Children spend many hours at playgrounds in schools, public parks, and other recreational areas. Unfortunately, faulty equipment, poor maintenance of playgrounds, or a lack of appropriate supervision can cause brain injuries, broken bones, damage to internal organs, and other serious trauma to a child. Hundreds of thousands of children receive medical treatment each year after accidents on playgrounds.
Causes of Accidents on Playgrounds
Accidents often occur because playground equipment wears down over time or because defective equipment was installed. They also may occur if the company responsible for designing the playground failed to take safety into account. In other cases, the party that installed the equipment may not have used the proper care or followed instructions during installation.
Playgrounds need to be inspected regularly to make sure that they are safe and that any wear and tear is addressed. Depending on the age of the children and the type of equipment involved, children may require supervision by adults while they are using the equipment. Small children may not realize the risks posed by heights or slippery surfaces, even though these seem obvious to adults. If a parent accompanies the child, the parent may be responsible for supervising them. However, if a parent is not present, other adults likely will be responsible, such as teachers, other school employees, or day care workers.
Suing the Playground Owner
Parents of children who are injured on a playground at a school will follow different paths depending on whether the school is public or private. If it is a public school, they will need to follow the procedural requirements for suing a government entity. If it is a private school or day care, they will need to identify the entity that owns the school or day care and sue that entity for negligent maintenance or supervision.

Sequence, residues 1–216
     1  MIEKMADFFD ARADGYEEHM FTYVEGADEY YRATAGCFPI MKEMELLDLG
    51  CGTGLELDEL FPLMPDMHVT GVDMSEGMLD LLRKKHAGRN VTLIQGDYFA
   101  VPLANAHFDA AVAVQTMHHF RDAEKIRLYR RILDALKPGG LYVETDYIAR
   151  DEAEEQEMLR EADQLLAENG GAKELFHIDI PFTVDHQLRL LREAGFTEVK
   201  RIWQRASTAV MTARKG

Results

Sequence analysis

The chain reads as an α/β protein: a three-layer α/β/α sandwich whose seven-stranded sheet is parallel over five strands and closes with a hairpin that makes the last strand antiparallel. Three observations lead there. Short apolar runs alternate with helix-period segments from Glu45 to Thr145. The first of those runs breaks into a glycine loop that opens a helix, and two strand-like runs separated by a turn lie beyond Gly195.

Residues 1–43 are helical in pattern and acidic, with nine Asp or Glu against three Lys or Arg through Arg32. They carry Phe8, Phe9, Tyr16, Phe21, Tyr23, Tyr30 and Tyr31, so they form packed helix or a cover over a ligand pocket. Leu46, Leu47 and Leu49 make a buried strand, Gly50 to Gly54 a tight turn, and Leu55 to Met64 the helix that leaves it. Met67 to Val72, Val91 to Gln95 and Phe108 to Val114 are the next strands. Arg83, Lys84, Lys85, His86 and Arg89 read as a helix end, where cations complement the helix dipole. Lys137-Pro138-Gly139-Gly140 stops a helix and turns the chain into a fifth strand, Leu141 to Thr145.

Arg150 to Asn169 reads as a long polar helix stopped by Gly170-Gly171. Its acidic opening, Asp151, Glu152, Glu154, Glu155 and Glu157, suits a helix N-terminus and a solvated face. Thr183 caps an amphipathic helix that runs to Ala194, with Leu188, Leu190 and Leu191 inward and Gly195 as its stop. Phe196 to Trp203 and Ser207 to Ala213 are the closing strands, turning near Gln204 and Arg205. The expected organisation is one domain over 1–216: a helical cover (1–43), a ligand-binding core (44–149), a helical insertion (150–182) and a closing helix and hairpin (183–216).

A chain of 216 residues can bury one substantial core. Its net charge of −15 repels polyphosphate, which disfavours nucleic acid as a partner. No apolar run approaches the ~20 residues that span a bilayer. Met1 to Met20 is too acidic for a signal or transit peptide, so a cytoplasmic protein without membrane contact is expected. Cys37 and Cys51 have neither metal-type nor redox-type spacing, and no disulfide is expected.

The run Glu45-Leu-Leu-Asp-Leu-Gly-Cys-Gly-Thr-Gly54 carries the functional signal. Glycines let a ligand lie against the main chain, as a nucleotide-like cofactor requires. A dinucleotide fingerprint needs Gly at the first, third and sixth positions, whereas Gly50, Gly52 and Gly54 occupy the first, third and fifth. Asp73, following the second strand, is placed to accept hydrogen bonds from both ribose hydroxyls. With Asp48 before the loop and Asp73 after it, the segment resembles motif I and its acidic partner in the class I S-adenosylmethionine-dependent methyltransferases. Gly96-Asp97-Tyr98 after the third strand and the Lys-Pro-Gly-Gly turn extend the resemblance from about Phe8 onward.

If a playground is associated with a school, a parent or guardian may need to follow the procedures for suing a school district.
If your child was injured on a playground in an environment other than a school, such as a park, you will need to determine who was responsible for keeping it in a safe condition. This is usually a city or county in the case of a public park, while it may be a large national company in the case of a shopping center or restaurant. Similar to accidents at public schools, accidents at public parks likely involve suing a government entity and thus require attention to detail in meeting procedural requirements.
Suing an Equipment Manufacturer or Construction Company
Perhaps inadequate inspections or maintenance were not entirely responsible for your child’s injuries. The fault may lie at least in part with a manufacturer that supplied defective equipment to the playground. This may support a products liability claim if you can show that your child suffered injuries because of the defect.
Also, one or more construction companies may have been responsible for designing the playground, selecting the equipment needed, and assembling it properly. You can sue this type of entity if you believe that errors in the design or construction of the playground caused an unreasonable risk that resulted in the accident. Reviewing state laws on playground safety, as well as the standards of the Consumer Products Safety Commission (CPSC), can help you determine where an error may have occurred and who may bear responsibility for it.